You have to make the decision about what you do around the provision of alcohol to your child. But make sure that whatever you do it is based on the best information possible. What we know is that it is not likely to be protective and does not necessarily teach them how to drink responsibly in the future. If you want to make sure they have healthy attitudes and values in this area, that’s really simple to do – it’s all about role modelling, they’ll learn by watching you. You don’t have to give them formal lessons – they’ve been picking up things from you since they were in the cot. This is never going to be easy but, as far as the research is concerned, the effort you put in now will be well worth it in the future.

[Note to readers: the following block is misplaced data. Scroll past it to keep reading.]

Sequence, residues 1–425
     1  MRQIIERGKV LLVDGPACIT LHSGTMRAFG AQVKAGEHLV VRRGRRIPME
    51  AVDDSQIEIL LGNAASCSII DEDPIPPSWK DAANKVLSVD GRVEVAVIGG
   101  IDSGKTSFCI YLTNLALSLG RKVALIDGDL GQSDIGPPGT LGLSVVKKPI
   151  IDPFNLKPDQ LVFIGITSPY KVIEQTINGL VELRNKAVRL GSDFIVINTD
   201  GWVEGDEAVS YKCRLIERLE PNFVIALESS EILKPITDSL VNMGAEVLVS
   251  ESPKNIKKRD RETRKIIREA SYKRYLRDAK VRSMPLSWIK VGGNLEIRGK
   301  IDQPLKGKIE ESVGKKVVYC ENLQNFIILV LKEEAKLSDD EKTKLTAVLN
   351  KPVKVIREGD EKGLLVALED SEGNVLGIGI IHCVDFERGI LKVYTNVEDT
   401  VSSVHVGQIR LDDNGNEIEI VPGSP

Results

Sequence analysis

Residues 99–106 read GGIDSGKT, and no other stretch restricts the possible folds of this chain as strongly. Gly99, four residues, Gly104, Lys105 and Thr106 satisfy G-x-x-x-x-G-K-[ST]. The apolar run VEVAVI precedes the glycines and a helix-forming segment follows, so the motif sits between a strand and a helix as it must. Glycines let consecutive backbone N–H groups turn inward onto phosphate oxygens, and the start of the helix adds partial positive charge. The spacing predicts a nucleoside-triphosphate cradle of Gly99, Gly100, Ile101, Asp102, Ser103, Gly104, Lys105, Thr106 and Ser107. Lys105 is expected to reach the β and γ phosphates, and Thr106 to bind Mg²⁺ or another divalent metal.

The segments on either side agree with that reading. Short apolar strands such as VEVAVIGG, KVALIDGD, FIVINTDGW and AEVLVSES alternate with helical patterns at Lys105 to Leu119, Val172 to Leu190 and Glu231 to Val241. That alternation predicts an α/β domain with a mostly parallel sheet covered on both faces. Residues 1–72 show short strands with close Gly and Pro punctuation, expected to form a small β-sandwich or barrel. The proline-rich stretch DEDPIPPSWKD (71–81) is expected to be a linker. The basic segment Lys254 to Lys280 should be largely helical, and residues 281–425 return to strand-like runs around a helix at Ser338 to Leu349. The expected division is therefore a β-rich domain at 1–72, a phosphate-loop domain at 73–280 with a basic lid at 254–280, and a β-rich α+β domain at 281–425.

Jackson, C., Ennett, S. T., Dickinson, D. M., & Bowling, J. M. (2012). Letting children sip: Understanding why parents allow alcohol use by elementary school-aged children. Archives of Pediatrics & Adolescent Medicine 166, 1053–1057.
Kaynak, O., Winters, K., Cacciola, J., Kirby, K., & Arria, A. (2014). Providing alcohol for underage youths: What messages should we be sending parents? Journal of Studies on Alcohol and Drugs 75, 590-605.

Published: February, 2020